This site was developed to provide you public information about inspections of food establishments in Grant County.
Why are Food Establishments inspected?
Food establishments are inspected to check for compliance with food safety rules to help ensure they are safe places to eat. The inspection reports are used as tools to measure compliance with the food safety rules, highlight areas to educate the operators, and guide corrective actions to help prevent foodborne illness.
Which Food Establishments are inspected?
All food establishments that sell or serve food to the public must be licensed and inspected. In Grant County, there are over 600 annually licensed retail food establishments, including restaurants, mobile food units (food trucks), espresso stands, grocery stores, convenient stores, delis, and school cafeterias.
How often are Food Establishments inspected?
Food establishments are inspected at least once per year; however, most are visited several times. Additionally, new food establishments are inspected at least once before opening.
Which inspections are posted online?
Inspections of annually licensed food establishments from 2014 and forward are posted on the GCHD website. Inspections prior to 2014 are available through Public Records Request.
What does an inspection of a Food Establishment consist of?
Food Safety Inspectors look at many things during inspections, however, the focus of the inspection is on the high risk factors—items that are most likely to make people sick if they are not done correctly—which are referred to as “red violations” in the inspection report. Examples of red violations are food workers not washing hands properly or handling ready-to-eat food with bare hands, and food temperature violations. “Blue violations” are the lower risk items such as cleaning and maintenance of the equipment and facilities.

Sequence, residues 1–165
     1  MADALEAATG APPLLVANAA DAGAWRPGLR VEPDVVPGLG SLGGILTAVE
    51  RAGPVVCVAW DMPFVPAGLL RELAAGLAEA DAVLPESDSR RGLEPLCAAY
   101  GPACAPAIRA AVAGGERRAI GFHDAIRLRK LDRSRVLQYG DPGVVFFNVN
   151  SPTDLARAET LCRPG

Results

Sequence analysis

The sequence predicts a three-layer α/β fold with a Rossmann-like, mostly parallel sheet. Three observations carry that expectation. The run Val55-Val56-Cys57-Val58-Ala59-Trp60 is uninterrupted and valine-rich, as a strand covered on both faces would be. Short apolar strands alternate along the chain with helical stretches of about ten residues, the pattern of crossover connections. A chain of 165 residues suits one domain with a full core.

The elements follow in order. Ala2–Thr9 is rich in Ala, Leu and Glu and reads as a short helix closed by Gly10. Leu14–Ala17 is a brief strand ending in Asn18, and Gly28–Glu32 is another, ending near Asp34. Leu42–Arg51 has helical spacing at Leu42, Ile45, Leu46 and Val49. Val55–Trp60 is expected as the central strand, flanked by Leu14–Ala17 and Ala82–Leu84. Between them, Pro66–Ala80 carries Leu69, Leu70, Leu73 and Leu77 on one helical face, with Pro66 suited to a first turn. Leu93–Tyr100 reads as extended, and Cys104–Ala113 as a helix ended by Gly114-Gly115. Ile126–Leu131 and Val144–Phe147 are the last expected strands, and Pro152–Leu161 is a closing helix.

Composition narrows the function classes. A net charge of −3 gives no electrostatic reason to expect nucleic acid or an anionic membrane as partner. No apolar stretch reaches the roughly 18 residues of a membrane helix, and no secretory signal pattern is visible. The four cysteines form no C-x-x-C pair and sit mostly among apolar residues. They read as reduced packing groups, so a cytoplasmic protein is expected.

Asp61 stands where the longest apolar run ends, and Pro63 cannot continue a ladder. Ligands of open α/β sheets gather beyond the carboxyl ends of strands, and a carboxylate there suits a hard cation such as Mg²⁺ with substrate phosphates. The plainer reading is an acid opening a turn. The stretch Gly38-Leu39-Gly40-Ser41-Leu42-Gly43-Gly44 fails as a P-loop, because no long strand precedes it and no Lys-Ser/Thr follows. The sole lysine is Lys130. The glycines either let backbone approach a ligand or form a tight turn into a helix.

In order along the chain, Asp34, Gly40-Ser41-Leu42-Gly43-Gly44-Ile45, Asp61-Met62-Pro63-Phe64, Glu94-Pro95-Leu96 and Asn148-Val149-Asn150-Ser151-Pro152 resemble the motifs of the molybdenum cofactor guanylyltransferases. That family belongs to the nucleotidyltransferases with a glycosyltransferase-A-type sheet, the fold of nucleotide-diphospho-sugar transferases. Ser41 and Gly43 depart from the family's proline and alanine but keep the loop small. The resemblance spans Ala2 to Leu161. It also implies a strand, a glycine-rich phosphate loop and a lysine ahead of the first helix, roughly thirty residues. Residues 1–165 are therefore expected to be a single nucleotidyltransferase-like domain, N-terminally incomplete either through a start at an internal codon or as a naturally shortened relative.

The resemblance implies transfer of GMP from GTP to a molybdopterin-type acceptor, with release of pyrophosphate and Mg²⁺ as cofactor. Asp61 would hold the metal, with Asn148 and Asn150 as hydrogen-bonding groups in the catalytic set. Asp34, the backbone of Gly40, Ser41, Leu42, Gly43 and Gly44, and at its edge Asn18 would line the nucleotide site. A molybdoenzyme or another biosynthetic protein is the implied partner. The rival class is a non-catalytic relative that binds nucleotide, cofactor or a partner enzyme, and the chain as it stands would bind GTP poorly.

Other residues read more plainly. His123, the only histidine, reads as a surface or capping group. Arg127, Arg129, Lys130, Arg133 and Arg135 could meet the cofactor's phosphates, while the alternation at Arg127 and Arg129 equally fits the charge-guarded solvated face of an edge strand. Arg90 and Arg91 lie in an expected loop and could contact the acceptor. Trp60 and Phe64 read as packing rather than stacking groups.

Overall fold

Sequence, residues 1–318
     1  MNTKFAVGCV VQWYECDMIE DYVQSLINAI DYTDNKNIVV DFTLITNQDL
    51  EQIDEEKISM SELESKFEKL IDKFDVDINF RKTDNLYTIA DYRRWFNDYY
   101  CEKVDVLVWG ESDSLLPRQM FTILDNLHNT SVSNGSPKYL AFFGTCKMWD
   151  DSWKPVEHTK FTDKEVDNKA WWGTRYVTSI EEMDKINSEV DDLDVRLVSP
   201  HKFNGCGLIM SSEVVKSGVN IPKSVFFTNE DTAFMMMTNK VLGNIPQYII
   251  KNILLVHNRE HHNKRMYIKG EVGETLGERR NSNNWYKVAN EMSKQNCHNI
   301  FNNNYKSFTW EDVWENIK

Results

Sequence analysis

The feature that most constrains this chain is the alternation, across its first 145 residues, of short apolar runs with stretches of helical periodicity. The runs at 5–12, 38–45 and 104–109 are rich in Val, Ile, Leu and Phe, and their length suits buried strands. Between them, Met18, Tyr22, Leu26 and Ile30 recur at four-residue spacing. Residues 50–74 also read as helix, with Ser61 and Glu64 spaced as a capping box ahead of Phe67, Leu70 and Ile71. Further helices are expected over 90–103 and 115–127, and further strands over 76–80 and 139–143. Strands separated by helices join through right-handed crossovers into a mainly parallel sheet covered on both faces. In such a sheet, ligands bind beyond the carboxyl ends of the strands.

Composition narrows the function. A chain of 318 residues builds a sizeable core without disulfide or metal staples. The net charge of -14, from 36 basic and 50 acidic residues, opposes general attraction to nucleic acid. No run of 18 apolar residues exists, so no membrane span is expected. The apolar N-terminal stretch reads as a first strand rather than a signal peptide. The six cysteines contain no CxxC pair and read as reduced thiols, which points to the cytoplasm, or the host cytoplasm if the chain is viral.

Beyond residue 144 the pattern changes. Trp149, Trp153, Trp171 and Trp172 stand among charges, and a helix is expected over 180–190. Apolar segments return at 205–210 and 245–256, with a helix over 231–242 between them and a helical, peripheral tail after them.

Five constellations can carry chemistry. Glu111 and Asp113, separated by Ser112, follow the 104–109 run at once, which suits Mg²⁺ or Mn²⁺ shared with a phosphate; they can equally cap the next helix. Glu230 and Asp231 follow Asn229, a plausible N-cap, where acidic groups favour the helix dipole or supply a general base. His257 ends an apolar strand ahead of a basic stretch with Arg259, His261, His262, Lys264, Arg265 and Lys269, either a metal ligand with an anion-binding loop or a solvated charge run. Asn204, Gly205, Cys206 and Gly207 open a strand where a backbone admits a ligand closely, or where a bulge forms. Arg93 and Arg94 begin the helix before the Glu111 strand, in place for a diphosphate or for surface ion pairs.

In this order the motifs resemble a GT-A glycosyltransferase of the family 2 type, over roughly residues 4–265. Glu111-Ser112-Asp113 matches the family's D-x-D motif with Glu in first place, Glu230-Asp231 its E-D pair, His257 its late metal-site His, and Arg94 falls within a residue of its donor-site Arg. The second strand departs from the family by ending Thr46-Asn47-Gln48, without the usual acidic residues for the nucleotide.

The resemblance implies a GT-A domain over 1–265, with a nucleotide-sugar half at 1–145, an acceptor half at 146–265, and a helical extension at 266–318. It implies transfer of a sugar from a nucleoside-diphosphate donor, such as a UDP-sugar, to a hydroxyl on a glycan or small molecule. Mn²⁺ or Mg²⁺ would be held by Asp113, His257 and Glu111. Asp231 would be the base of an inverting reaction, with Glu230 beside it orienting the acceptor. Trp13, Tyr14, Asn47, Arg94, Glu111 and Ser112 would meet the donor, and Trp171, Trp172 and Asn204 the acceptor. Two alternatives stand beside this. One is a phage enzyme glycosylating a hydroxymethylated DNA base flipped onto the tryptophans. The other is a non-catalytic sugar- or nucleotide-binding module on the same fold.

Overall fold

Each violation the inspector observes is documented (“written up”) on the inspection report and assigned a pre-determined point value. The inspection “score” is the total of all violation points found during the inspection, therefore the lower the “score”, the better. A perfect inspection is zero points. The total of “red violation” points determines whether a food establishment “passes” (does not need a re-inspection) or “fails” (needs a re-inspection).
When and why do Food Establishments have to close?
Occasionally, food establishments are required to close due to repeated failing inspections, or if an imminent health threat is found to be occurring, such as loss of water supply or no hot water, loss of electricity, or if there is sewage backing up, a fire, or if the establishment is suspected to be the source of an ongoing foodborne illness outbreak.
What else do I need to know about Food Establishment Inspections?
It is important to understand that inspection reports are “snapshots” of food handling practices at the establishment during the time of inspection. Conditions may be different when you visit. The inspections follow food safety practices and sanitation rules of the Washington State Retail Food Code (WAC 246-215), and do not address such items as taste or popularity, or any details about the business ethics of a food establishment.
If you have any questions or concerns about Food Establishment inspections, please contact Grant County Health District at (509) 766-7960 ext. 0.